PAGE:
The Slow Life

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It’s been a year since I moved to the country. I found out quickly living in the country was an entirely different life than living in the city. The first night here I was struck by the silence. No noise of any kind. No machines whirring, no nightly trains going past. No noise from cars or sirens, no dogs barking or cats meowing. The only sound was nature. Frogs and crickets chirping, the wind rustling through the trees. There being no city lights or street lights, I could see the night sky aglow with more stars than I had ever seen before. A band of the Milky Way stretching across the sky, and shooting stars gave it a feeling of mystery and magic!

Having lived in the city in the same 5 mile radius my entire life, I was accustomed to quick trips to the store right around the block. Everything was within walking distance, or a very short drive. If I didn’t feel like cooking, a restaurant was always nearby. We had city water and city sewage. All these things I took for granted never realizing how much easier life was with them.

Upon moving to the country I found there would be no more quick trips to the store. No restaurants anywhere nearby, and none to deliver this far out. If we brought dinner home it would be cold. Frozen items from the store would be warm by the time we made it home. City water doesn’t flow this way. Instead we have wells. The local electric company won’t service our area so we had to join an electric co-op. Turns out the electric co-op is cheaper, and well water is not that bad; plus it’s pretty nice not getting a water bill.

Nature itself has proven to be the biggest obstacle of our new country life. Bears and foxes make straying too close to the woods at night a really bad idea. Caution is needed when driving at night because of deer crossing the road.  With no street lights, and fields and woods all around, they tend to sneak up on you. Alligators are nearby as well though I haven’t seen one yet. When it rains the yard becomes a swamp. With lots of woods there are often downed trees. When it snows our roads are plowed last. Kind farmers hitch plows to their machines and do what they can until the city plows get to our roads. In the summer dragon flies seem to have a dragon fly party, swarming and flying into anything, including the sides of the house; and people if they’re brave enough to be outside with the dragon flies. My vegetable garden is never safe from hungry animals. Also there are REALLY big snakes.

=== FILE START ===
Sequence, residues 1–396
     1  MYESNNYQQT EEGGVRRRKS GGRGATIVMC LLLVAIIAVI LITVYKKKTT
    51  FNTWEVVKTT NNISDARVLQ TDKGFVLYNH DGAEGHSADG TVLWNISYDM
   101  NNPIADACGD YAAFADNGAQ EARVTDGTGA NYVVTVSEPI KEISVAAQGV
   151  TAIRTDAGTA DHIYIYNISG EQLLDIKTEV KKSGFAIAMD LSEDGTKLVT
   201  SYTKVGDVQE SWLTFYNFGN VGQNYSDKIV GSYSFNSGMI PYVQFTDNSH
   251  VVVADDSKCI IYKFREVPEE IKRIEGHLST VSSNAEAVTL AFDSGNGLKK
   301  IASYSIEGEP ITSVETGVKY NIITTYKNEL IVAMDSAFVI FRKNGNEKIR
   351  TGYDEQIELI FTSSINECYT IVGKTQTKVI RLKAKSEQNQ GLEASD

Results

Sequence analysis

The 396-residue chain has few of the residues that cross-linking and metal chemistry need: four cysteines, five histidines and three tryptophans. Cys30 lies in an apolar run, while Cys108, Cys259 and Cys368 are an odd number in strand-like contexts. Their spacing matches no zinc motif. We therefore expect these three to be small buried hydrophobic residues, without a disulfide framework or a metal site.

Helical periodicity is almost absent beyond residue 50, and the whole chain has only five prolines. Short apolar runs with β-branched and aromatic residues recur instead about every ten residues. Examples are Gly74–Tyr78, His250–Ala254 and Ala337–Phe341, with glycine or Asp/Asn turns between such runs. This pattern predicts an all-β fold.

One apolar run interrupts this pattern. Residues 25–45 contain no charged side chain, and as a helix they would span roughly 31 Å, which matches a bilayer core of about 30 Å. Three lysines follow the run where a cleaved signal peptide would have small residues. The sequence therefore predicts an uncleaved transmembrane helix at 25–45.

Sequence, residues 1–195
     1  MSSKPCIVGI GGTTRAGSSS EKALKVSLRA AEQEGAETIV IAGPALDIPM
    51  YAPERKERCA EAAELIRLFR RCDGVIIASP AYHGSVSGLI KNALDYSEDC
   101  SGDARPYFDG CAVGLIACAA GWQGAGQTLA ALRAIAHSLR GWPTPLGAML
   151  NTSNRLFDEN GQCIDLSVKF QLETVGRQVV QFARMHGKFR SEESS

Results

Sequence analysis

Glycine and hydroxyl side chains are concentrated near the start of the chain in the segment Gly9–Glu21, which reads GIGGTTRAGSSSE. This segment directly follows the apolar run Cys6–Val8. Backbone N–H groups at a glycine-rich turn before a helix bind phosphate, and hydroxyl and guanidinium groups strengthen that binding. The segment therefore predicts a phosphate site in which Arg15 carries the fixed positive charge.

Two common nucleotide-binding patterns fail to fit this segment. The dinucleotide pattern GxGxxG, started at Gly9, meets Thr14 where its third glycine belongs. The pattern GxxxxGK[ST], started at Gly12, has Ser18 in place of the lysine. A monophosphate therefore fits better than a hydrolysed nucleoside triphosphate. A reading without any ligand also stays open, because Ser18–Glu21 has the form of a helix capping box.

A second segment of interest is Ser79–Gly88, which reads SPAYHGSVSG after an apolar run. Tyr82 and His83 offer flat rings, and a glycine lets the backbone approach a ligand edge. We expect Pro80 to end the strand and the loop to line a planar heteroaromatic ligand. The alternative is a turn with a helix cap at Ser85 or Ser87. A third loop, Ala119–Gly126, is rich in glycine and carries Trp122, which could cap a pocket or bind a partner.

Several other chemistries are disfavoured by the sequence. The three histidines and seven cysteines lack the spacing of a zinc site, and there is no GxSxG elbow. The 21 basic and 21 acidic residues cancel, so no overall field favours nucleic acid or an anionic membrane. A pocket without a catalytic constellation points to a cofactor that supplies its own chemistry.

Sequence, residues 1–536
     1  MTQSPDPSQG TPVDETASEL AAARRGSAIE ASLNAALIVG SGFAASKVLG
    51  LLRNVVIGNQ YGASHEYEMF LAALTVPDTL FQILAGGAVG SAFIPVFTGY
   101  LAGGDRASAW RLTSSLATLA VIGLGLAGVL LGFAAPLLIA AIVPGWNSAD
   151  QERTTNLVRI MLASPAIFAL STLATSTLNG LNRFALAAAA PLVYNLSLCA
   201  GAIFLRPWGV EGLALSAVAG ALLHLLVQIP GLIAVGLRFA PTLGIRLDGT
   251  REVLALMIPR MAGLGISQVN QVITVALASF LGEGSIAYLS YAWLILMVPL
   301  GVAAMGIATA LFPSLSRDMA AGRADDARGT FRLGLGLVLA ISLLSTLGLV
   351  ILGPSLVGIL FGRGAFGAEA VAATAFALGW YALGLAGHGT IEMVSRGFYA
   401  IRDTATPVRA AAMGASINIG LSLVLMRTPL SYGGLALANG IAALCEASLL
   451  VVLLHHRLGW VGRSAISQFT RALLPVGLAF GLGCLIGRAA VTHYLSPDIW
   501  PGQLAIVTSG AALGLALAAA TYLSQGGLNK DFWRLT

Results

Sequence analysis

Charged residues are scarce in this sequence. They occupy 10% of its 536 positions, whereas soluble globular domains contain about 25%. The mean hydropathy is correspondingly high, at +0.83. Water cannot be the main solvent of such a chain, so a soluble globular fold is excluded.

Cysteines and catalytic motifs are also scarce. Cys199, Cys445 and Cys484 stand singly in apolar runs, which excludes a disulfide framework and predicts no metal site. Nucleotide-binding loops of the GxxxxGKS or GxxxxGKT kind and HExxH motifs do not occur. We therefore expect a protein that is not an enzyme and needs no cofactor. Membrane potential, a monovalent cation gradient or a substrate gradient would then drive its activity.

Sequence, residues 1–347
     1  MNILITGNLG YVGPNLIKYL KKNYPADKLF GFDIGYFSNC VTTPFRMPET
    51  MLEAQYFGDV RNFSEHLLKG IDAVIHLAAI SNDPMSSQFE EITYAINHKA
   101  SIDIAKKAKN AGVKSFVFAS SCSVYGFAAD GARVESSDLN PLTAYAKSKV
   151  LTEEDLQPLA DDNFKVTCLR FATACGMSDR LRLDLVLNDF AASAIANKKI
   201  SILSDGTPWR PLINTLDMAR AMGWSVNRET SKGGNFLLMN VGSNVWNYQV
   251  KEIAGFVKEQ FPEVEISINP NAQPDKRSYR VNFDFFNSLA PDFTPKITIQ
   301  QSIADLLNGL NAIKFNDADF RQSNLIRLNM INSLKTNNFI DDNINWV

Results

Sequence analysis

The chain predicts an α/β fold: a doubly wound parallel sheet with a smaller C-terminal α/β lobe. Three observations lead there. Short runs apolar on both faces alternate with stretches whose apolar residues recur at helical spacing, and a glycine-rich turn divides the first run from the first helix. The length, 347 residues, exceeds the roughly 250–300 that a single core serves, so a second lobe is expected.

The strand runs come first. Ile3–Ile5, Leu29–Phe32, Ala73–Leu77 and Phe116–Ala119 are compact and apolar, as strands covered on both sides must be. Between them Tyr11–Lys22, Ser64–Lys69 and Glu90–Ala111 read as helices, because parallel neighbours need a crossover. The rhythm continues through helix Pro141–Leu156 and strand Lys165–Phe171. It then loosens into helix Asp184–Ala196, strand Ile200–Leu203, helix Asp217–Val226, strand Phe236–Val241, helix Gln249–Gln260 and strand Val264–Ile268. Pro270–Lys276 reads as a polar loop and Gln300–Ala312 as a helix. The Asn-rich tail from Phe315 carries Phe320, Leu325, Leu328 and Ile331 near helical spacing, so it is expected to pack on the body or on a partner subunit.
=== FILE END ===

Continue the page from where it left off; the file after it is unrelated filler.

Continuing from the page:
When house hunting our main priority was a yard. I wanted room for a garden, and room for the kids to play. We never intended to move so far out, but when I saw the picture of the yard I fell in love. A day later we were signing papers.  Now we live the slow life and despite its downsides there is nothing like sitting on your porch watching meteor showers or watching the trees change colors in the fall. Without a doubt it has been the best year of my life.

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One thought on “The Slow Life

  1. I agree, there’s always a lot going on in a city and your senses get overwhelmed. Seems my focus was always on work, pay raises, and what new thing I could buy. City living with all its distractions is like being a hamster on a wheel. Everybody’s going through the motions and nobody really understands why. I think your move to the country was a remedy for something you didn’t even know you had; a need to stop and smell the roses. Kick-back and enjoy; it’s a wonderful world.

    Liked by 1 person

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